In Ephesus one of the favorite stories of the tour guides (comparing notes with friends who were on different tours we all heard this one) concerns the best preserved architeture in the ruins, the town library. The two story facade is still intact and you can walk into the library room behind and read inscriptions on the wall. Here's a great website with a 360 degree photo. As we stood in the square in front of the library the tour guide pointed out that the town brothel had stood on the opposite side of the square partly up the hill - Ephesus was a port town after all. And the tour guide also told us that the archaeologists had discovered a tunnel in the floor of the library that led under the square and emerged in the brothel.

Her assumption was that townsmen would tell their wives they were going to the library, disappear inside and then spend the afternoon at the brothel, and then come back through the tunnel to come out from the library.

That's probably the accurate story but it occured to me that tunnels run both ways. Perhaps it was the whores in the brothel who made use of the tunnel to spend an afternoon reading. Or perhaps a young gay man (this was ancient Greece after all) could walk into the brothel to prove his heterosexuality to his friends and then sneak over to the library to spend a more agreeable hour.

It's all a hoax

Three stories about hoaxes: two from today's New York Times, a third from the September 17 issue of the New Yorker.

The front page of the New York Times carries a story that a photographer named Joe O'Donnell, known as "The Presidential Photographer" took credit for many famous photographs actually snapped by other people. The truth has emerged following his death on August 9 at the age of 85.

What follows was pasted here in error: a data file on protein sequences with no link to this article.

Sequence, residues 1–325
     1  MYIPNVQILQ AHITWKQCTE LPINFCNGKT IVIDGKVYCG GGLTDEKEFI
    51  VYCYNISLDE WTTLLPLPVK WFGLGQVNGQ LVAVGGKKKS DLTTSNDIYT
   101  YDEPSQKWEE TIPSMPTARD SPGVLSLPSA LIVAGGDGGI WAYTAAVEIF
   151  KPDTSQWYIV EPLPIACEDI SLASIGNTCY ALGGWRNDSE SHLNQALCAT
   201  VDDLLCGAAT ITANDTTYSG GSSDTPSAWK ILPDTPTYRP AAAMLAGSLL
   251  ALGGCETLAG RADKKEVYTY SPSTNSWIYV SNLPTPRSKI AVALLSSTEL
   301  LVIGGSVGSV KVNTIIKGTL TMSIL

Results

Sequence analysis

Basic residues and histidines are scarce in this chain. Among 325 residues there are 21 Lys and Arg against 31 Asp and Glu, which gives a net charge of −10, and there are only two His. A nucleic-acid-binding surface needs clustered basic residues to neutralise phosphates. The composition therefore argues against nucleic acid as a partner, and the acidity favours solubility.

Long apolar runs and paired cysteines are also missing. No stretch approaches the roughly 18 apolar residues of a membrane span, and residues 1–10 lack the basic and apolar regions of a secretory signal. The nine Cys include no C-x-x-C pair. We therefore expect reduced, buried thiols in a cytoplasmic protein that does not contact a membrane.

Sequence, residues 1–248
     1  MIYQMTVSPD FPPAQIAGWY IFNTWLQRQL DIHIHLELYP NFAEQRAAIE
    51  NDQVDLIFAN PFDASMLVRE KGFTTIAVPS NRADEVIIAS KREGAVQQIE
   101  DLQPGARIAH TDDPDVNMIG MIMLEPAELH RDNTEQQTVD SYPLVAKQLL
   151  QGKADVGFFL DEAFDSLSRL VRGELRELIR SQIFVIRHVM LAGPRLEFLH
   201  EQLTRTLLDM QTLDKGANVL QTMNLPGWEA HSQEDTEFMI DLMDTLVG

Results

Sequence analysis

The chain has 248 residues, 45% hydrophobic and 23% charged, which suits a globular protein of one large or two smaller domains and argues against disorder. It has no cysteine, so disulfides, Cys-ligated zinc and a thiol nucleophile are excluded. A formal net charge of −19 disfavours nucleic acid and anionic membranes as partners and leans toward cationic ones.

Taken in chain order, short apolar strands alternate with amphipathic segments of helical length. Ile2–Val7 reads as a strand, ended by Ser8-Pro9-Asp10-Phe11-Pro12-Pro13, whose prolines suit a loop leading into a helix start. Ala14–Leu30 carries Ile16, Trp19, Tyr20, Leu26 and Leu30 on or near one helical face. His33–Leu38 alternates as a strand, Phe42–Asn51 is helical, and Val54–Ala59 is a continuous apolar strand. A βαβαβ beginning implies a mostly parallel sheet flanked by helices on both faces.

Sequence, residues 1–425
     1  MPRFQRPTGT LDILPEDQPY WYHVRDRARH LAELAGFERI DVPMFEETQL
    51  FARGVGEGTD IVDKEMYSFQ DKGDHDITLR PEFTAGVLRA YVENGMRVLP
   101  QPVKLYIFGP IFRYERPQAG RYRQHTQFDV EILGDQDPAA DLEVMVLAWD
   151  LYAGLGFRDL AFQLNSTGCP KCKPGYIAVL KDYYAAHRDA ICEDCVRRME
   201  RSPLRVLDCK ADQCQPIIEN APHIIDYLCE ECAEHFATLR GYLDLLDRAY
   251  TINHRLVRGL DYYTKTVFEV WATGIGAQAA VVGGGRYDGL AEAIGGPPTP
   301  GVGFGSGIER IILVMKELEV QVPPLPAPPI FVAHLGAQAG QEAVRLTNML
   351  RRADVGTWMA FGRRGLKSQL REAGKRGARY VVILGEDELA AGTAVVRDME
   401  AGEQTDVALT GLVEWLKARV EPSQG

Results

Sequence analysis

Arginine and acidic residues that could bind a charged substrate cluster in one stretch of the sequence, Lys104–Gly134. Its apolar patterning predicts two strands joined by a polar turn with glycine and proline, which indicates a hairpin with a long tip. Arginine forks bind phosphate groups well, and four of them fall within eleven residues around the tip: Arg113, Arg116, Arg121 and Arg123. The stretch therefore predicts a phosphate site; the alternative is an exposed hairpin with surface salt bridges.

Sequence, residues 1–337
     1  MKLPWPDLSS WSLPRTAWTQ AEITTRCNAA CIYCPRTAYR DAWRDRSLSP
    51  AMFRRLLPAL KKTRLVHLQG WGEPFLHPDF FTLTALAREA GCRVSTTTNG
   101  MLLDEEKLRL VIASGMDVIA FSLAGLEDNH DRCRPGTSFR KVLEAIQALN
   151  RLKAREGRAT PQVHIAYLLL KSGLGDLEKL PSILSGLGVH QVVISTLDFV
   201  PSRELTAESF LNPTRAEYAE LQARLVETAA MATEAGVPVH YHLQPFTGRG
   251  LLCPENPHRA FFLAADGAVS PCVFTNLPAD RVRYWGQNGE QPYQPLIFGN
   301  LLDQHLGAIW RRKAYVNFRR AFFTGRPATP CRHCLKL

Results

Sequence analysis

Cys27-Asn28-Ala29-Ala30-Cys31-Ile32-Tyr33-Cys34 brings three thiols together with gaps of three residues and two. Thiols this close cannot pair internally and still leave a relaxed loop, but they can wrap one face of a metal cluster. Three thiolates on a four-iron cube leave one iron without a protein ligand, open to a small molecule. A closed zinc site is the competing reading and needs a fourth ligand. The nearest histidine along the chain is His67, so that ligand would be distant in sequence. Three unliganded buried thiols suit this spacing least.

Inside the paper there's a story about the release of a CD (not yet released in the US) that claims to be rap recordings made in 1988 and recently discovered in a storage locker in New Jersey. Although the hoax seems obvious the producer, Fab Five Freddy is sticking to the cover story.

And in The New Yorker there's an excellent article by Mark Singer called "Fantasia for Piano" about the British pianist Joyce Hatto who died a few years ago after releasing with her husband late in her life a remarkable series of piano recordings and making a sensation in the classical music world with her musicality, and particularly the breadth of her repetoire. The recordings, it was eventually discovered, were not by her but were stolen from dozens of other pianists.

In the case of the photographer his family is blaming simply the faulty memory of an old man. In the case of Joyce Hatto it seems to be a sense on Miss Hatto's part of vicariously claiming a fame and musical reputation that had been unfarily denied her in her actual career, combined with a doting husband with a knack for recording technology and story-telling. In the case of the rap CD, the hoax has a more interesting basis: respect for a lost golden age of a musical style which has now lost its purity and the attempt not merely to cash in on that nostalgia, but actually to recreate it.

St. Paul in Ephesus

From Athens the cruise sailed to Mykonos, where I visited the island of Delos and saw the supposed birthplace of the God Apollo and his twin sister Artemis. Then we sailed to Rhodes, and then up the coast of Turkey stopping at a city called Kusadasi.

Kusadasi is a small resort town. The reason to go there is that the ancient city of Ephesus is only about a 30 minute bus ride away. Ephesus used to be a port town, but it was built at the mouths of two rivers and over the centuries the port filled up with silt. The town was moved several times to put it closer to the water, but never too far because Ephesus was also the site of the Temple of Artemis, one of the seven ancient wonders of the world. Eventually, though, the area converted to Christianity and the temple became less important so the twon moved to the present location of Kusadasi. The temple to Artemis, by the way, was destroyed although two of the pillars were transfered to Constantinople where they were incorporated into the building of the Hagia Sophia.